Speed and quality are what the new 24.3-million-pixel Sony Alpha 6000 is all about. Capable of 0.06sec autofocus, Sony says it will never miss the perfect shot. Jon Devo takes aim. Read our Sony Alpha 6000 review...
Sony Alpha 6000 review – Viewfinder, LCD and video
On paper, the Alpha 6000’s Tru-Finder-branded, 0.39in, 1.44-million-dot OLED EVF appears to be a downgrade from the 0.5in, 2.3-million-dot XGA OLED viewfinder that featured on the NEX-6. Even the magnification has been slightly reduced, from 1.09x in the NEX-6 to 1.07x, equivalent to 70x in 35mm terms.
However, in use, the smaller, lower-resolution EVF on the Alpha 6000 appears to render a 100% field of view with greater vibrancy and clarity than its predecessor. The refresh rate is impressive, meaning that lag is barely noticeable when moving the camera, so while it may not be as good as an optical viewfinder, it’s certainly not poor.
At 921,600 dots, the Alpha 6000’s 3in TFT LCD screen is a match for the NEX-6 that it replaces, but it’s not quite as impressive as the LCD on the pricier Fujifilm X-T1, or even the cheaper touchscreen-operable Olympus OM-D E-M10, both of which sport 1.04-million-dot screens.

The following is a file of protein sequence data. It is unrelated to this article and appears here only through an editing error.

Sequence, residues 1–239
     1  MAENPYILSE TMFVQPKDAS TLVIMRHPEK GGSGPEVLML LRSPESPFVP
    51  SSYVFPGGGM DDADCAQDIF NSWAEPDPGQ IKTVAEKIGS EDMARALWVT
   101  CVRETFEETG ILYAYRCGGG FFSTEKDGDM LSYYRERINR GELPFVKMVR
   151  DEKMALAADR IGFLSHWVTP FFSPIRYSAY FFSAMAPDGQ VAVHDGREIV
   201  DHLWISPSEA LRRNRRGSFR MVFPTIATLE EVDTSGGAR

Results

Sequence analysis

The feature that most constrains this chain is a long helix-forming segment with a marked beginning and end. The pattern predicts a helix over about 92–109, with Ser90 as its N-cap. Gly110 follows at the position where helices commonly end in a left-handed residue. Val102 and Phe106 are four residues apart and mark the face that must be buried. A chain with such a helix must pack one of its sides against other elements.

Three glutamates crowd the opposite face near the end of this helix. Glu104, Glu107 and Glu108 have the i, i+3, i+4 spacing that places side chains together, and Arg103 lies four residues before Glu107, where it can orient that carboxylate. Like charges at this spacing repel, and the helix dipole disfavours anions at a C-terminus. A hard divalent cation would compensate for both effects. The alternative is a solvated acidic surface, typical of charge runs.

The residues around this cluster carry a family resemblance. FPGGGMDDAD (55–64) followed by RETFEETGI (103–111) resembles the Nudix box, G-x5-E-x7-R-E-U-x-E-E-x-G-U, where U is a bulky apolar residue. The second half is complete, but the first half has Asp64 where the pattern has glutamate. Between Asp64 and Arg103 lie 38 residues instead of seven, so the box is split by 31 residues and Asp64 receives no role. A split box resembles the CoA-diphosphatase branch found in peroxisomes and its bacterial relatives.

The 16:9 aspect ration of the Alpha 6000’s tilting LCD screen works great for video, but leaves two black bars either side when in photo mode, cropping the screen. It didn’t bother me too much because I prefer to shoot stills using the EVF, but it does make the screen appear quite small when using it during live view.
People keen to shoot video will be pleased to learn that the Alpha 6000 includes some useful functions, including zebra patterning, and that it can record 1920×1080-pixel full HD, AVCHD Ver2.0/MP4 video at 60p and 24p. It also has a Type D Micro HDMI connection, providing a clean HDMI output for video recording. It’s a little disappointing that there’s no headphone jack to monitor audio, but the multi-interface hotshoe at least allows you to connect an external microphone.